By: Lesley Brown, SVP Project Management at Halfpenny Technologies
As health care in the U.S. evolves, health plans and other risk bearing entities such as ACOs, have shown an ever increasing desire to acquire clinical data for their members. This need is fast becoming more than a necessity, as value based care begins to drive reimbursements, revenue adjustment factors and quality performance, to name just a few. While many health plans already have access to select quantities of clinical data (think Lab results, maybe even ADT data) their appetite is now evolving towards obtaining member Continuity of Care (CCD) data. CCD is now heralded as the “superset” of clinical data, all the medical history, test results, medications for a member in one document.
Too bad then that the coordination and exchange of this clinical data from physician practice EHRs has become a significant pain point for many health plans and clinical data integration into payer systems has made minimal advancement in the past few years. The challenges that health plans need to overcome range from technical ones, a lack of real clinical interoperability despite Meaningful Use (MU) Stage 2 and HL7 C-CDA requirements & specifications, to business ones, often a lack of clear business value and use case evaluation can stymie the best of endeavors.
Where and how to start? Some of the common approaches payers can take for clinical data integration include building out point to point integrations (but who has time or resources for that!), accessing a state or local HIE (this is often limited by HIEs demands for standard data structures as well as a lack of data normalization) or partnering with one of a wide variety of vendors who claim they can facilitate non-claims based clinical data integration (many of whom fall short when attempts to validate data exchange are attempted). Regardless of the integration arrangement health plans should be advised to start small and stay focused, successful data exchange projects have a value proposition and can demonstrate cost savings or increased revenue. Examples include, risk adjustment factors that could benefit from the diagnosis list contained in a physician practice medical record or replacement of expensive chart reviews with defined data elements from an EHR.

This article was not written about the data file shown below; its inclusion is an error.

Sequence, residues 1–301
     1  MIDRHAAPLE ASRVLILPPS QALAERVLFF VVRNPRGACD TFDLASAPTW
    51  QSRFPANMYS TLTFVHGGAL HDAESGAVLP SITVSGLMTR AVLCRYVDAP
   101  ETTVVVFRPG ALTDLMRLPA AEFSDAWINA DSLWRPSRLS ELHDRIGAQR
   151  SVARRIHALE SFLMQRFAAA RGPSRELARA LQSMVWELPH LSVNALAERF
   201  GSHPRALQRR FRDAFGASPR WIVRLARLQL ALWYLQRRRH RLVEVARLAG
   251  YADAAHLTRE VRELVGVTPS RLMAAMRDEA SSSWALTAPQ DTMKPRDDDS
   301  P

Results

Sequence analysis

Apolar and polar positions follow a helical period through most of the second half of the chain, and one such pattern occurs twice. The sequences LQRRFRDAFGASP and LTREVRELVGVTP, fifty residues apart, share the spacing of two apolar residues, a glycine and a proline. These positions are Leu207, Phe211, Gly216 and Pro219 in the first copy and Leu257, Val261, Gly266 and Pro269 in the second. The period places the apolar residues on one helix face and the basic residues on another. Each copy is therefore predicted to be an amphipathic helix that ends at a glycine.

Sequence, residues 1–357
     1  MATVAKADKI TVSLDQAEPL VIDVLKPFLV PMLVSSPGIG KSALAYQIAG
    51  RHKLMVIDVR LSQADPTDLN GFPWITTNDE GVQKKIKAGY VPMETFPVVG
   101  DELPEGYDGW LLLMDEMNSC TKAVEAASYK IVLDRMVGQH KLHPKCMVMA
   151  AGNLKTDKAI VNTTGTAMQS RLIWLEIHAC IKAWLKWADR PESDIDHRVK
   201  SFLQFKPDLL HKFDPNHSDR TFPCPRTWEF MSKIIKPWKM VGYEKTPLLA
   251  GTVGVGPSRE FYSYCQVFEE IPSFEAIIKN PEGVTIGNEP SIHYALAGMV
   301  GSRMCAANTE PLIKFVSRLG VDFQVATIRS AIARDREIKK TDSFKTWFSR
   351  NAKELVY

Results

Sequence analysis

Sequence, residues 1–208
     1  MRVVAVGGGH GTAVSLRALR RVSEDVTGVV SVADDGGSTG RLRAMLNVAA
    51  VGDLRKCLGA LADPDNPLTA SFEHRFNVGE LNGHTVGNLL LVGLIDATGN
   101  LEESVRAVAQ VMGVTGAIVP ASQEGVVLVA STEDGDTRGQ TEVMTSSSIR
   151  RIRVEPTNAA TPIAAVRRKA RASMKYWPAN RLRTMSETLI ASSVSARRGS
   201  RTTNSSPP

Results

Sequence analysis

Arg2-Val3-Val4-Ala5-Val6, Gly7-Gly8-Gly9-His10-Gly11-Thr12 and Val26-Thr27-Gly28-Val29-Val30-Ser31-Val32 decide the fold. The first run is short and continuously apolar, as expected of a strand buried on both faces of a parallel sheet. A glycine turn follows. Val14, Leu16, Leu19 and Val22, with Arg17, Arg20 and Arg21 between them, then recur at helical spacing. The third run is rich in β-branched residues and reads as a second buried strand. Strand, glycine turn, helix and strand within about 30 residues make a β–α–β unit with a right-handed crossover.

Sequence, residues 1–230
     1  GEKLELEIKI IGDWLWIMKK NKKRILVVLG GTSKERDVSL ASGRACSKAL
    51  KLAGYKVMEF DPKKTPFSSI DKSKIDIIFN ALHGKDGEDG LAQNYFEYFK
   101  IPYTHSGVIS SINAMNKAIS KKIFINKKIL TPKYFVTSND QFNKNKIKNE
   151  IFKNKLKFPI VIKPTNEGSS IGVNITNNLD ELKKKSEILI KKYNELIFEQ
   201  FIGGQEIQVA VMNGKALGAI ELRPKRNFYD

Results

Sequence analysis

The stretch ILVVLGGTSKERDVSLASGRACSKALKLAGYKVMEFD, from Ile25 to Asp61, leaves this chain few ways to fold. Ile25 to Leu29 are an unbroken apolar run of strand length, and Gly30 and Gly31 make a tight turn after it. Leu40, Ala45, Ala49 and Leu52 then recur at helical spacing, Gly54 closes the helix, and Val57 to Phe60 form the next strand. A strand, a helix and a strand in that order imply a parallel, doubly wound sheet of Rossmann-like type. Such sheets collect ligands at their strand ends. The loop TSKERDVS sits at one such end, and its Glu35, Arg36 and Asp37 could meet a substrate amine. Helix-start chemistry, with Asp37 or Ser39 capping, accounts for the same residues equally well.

Halfpenny Technologies (HTI) has been in the clinical data exchange business for more than 15 years and over that time have built reusable interfaces that connect to 90%+ of the top EHR vendors and LIS/HIS systems. HTI’s vendor agnostic approach allows the receipt of any EHR or LIS data format and in return health plans can receive clinical data in the layout of their choice. Halfpenny Technologies’ continued investment in innovative solutions has uniquely positioned the company as a national provider of clinical data exchange solutions to the health care industry.